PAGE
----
about the best treatment for you. The best treatment for you may also depend on your age, your health, and
how much your chest pain is affecting your quality of life.
Bypass surgery reduces angina and other
symptoms of coronary artery disease. About 95 out of 100 people who have the
surgery get relief from chest pain right away, and 5 out of 100 do
More than 80 people out of 100 are
still free of chest pain 5 years after surgery.4
People who have bypass surgery tend to have longer relief from repeat heart
problems compared to people who have other treatments.
Bypass surgery can increase
your chances of living a longer life. More than 90 people out of 100 who have a
bypass are still alive 5 years after surgery.4
How long a bypass lasts depends on how long the blood vessel
grafts stay open. The risk of needing another operation gets higher each year after your surgery. After 5 years, about 2 out of 100 people need another surgery. After 10 years, 7 out of 100 people need another surgery.1
Lifestyle changes and medicines
The success of bypass surgery also depends on you.
If you smoke and don't quit, you won't get the most benefit from bypass
surgery. You may need to make some other big changes, like eating right and
getting regular exercise. These changes will help your bypass grafts last and
stay open longer. They will also give you the best chance of living a longer,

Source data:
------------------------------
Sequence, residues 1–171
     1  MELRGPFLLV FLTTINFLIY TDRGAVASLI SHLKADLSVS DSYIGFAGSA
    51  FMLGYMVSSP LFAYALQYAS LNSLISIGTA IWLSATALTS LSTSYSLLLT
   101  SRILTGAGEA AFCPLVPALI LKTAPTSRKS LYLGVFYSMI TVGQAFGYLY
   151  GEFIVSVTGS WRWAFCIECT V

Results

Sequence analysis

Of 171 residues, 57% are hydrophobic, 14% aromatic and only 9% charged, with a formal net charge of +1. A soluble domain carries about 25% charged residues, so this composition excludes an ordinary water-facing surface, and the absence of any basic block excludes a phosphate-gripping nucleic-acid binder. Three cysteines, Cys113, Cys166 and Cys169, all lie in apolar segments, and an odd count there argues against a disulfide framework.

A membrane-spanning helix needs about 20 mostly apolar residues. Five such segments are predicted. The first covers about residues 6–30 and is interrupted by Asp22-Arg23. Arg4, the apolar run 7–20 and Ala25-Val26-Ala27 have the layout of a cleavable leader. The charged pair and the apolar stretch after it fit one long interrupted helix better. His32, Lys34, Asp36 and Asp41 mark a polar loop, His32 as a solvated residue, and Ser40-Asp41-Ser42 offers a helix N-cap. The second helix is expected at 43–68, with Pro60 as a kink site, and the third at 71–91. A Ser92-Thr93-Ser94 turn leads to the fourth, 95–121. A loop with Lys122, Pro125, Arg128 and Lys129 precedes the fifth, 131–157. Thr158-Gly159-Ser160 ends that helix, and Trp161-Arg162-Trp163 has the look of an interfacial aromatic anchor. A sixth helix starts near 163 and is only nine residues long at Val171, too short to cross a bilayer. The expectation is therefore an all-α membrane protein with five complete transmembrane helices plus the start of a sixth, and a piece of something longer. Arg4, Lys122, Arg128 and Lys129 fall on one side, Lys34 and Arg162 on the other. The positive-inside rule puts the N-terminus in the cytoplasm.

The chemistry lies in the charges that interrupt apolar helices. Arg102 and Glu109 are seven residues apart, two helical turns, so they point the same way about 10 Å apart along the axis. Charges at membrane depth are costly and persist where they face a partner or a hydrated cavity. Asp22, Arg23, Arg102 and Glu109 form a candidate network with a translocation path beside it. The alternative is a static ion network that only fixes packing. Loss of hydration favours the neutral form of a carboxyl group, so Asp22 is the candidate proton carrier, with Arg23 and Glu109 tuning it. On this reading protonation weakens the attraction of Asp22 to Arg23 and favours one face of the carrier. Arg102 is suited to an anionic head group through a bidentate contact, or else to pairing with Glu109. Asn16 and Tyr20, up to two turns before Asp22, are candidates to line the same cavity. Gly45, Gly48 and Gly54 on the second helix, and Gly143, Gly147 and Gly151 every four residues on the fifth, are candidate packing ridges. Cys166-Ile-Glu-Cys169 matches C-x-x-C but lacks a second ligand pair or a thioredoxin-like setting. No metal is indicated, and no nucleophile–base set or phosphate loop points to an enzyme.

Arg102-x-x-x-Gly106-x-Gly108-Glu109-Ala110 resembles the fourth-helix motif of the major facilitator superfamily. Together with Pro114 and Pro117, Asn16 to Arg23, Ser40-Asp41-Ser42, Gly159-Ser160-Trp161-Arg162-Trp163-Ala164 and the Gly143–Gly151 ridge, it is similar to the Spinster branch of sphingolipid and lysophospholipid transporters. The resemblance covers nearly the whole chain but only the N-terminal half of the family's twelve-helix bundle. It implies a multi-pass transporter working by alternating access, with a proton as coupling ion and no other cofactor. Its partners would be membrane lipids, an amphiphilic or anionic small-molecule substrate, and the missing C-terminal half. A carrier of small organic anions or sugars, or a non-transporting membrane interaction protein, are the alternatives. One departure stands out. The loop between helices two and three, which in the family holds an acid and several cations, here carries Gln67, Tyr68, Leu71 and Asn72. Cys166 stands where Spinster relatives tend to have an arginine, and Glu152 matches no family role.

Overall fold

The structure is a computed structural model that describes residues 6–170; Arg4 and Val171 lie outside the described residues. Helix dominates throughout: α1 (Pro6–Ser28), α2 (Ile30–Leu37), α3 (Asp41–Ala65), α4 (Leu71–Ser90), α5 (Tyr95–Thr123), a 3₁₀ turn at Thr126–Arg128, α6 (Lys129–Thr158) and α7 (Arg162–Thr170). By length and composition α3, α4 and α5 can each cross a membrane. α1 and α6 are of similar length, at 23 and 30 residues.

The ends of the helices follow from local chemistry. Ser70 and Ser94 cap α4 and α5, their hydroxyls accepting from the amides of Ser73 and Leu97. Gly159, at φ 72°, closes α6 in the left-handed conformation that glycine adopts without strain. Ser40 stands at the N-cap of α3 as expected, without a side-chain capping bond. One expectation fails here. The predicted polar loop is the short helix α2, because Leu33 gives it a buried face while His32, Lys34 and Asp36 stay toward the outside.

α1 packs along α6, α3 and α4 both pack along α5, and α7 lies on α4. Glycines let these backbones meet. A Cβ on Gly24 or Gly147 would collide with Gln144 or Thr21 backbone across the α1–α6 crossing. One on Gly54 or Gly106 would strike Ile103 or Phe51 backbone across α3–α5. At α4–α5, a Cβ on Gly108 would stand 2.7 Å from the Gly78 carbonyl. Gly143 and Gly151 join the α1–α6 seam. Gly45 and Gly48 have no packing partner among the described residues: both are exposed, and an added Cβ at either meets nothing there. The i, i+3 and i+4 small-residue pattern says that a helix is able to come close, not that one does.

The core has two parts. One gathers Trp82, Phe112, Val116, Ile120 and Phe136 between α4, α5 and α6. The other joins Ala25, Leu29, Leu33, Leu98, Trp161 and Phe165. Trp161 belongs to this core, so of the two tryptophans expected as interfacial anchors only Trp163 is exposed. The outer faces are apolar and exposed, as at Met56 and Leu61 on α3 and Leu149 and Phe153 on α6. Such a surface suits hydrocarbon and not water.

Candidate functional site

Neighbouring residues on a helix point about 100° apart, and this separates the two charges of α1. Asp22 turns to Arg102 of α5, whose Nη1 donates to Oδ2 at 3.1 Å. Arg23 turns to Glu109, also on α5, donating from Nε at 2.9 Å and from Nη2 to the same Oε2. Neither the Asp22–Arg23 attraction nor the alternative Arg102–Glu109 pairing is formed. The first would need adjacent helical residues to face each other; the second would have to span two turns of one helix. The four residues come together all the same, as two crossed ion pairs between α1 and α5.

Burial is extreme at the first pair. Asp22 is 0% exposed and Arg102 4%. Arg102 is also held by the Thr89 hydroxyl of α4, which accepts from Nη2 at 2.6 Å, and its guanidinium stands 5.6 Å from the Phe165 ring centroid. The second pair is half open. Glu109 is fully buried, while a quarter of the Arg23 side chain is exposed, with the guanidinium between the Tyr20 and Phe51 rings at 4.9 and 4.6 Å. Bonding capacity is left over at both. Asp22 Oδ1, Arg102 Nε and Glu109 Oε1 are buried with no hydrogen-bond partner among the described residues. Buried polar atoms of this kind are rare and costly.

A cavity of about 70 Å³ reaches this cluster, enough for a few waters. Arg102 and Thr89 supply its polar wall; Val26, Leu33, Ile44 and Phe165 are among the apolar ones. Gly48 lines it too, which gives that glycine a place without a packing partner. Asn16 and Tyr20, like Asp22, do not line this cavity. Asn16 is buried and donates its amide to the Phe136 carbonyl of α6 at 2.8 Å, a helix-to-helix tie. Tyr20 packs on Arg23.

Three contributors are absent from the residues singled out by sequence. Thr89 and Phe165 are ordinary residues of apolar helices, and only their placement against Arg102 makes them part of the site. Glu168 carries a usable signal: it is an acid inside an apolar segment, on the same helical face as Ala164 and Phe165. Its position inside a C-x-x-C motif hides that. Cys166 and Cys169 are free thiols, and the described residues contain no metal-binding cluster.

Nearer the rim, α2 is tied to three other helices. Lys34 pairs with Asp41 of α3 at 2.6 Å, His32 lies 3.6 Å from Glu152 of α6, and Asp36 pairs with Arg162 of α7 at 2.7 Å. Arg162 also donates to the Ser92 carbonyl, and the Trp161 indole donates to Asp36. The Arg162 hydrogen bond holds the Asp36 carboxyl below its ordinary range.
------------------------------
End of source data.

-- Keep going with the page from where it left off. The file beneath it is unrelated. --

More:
If you are taking medicines for angina, to lower
cholesterol, or to control blood pressure, be sure to take these
every day. Along with lifestyle changes, these medicines can help you get the
most benefit from bypass surgery.
Bypass surgery is not a cure
for heart disease. That's why all of these things-eating right, not smoking,
getting exercise, and taking medicines-are so important. Without them, you
raise your risk of getting new blockages and needing another surgery.
surgery has been done for more than 40 years. In the United States, it is done
more often than any other major surgery. But it has some serious risks.
The risks of bypass surgery include:
Death. Out of 100
people who have bypass surgery, 2 of them will have a serious complication that
leads to death, while 98 of them will not.1
Heart attack. Out of 100 people who have
bypass surgery, about 1 will have a heart attack soon after the surgery while 99 will not.3
Stroke. Out of 100 people
who have the surgery, 3 will have a stroke, and 97 of them will